# Geometry of buta-1,3-dien-1-ol

Consider the molecular formula $$\ce{CH2=CH-CH=CH-OH}$$ $$(\ce{C4H5OH})$$. Tell the types of bond, hybridizations, bond angles and geometry of this compound.

I didn't have any trouble with the first 3 topics. Carbon hybridizes in $$\mathrm{sp^2}$$ and oxygen hybridizes in $$\mathrm{sp^3}$$. Each carbon makes 3 $$\sigma$$ bonds and 1 $$\pi$$ bond and the oxygen makes 2 $$\sigma$$ bonds. The angles of the bonds $$\ce{H-C-H}$$, $$\ce{H-C-C}$$, $$\ce{C-C-C}$$ are 120 degrees and the angle of bond $$\ce{H-O-C}$$ is 109 degrees.

My problem is with the geometry. How can I deduce it? It doesn't seem to be one of the standard geometries.

• Well, there are not awfully many possible options. Just draw the molecule like that, planar (because of conjugation) and with the angles like you said. (In fact, they may be slightly different; also, this whole thing does not quite exist, but who cares.) Commented Jun 20, 2016 at 15:49

Let’s start off with the things you thought you got right: Oxygen will not be $\mathrm{sp^3}$ hybridised but somewhat closer to $\mathrm{sp^2}$. This is because that is how the oxygen lone pair in a p-type orbital can take part in π conjugation. I’m not sure what $\angle(\ce{C-O-H})$ I would expect but it’ll be somewhere between $109^\circ$ and $120^\circ$, that’s for sure.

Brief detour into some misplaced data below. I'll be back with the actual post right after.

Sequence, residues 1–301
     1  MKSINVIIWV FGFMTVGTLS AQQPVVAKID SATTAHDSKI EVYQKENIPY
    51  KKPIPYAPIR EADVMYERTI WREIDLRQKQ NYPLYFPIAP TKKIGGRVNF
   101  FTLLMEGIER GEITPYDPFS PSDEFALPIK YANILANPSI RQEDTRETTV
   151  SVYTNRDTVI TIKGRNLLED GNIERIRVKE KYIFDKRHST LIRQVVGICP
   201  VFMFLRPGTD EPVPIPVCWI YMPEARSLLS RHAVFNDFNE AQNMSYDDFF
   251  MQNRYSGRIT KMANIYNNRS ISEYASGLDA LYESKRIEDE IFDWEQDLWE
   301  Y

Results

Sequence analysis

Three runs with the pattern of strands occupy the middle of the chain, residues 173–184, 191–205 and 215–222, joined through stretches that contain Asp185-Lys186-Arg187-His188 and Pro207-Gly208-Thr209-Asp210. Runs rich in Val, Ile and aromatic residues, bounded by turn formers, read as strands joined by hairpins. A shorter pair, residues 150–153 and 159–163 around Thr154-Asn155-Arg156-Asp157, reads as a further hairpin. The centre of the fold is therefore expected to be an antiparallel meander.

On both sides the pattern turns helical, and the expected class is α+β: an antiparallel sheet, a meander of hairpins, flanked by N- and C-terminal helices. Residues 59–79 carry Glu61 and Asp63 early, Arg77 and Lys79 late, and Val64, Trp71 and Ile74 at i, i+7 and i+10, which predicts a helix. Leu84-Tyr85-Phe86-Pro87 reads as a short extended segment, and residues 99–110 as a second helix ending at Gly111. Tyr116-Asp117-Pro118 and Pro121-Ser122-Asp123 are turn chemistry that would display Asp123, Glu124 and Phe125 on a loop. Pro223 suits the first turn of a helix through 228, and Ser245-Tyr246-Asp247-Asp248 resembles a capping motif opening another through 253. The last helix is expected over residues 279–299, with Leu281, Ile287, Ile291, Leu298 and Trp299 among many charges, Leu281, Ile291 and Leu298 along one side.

To the entire molecule’s structure: Yes, at first glance it seems like a potato. However, there is still something that you can say: for proper conjugation of the double bonds (usually favourable), you need a planar structure. Thus, the entire molecule will be planar with all atoms in the same plane. That is about all that you can safely derive, since there can still be rotation around the $\ce{C-C}$ single bond.
The molecule is a 1,3-butadiene derivative. The butadiene has a planar structure as conjugation from the pi bonds spreads out along the carbon backbone so the carbon carbon angles would be close to 120 degrees, $$\mathrm{sp^2}$$ hybridization.
In your structure the $$\ce{-OH}$$ group replaces just one of the $$\ce{H}$$ atoms at the end of the molecule. Thus there are two isomeric structures depending upon which $$\ce{H}$$ atom is replaced. I have very crudely placed these onto the structure close to the $$\ce{H}$$ atoms but the positions should be clear. (Sorry, I don't have software at hand just now to make proper pictures). The rotation about the 2-3 (middle) bond will be very, very slow because of the pi conjugation holding the structure planar so the two isomers $$(E)$$ & $$(Z)$$ will be distinct. The $$\ce{C-C-O}$$ bond angle will be close to 120 degrees. Try and look up the crystal structure then you will be able to get accurate angles and bond lengths.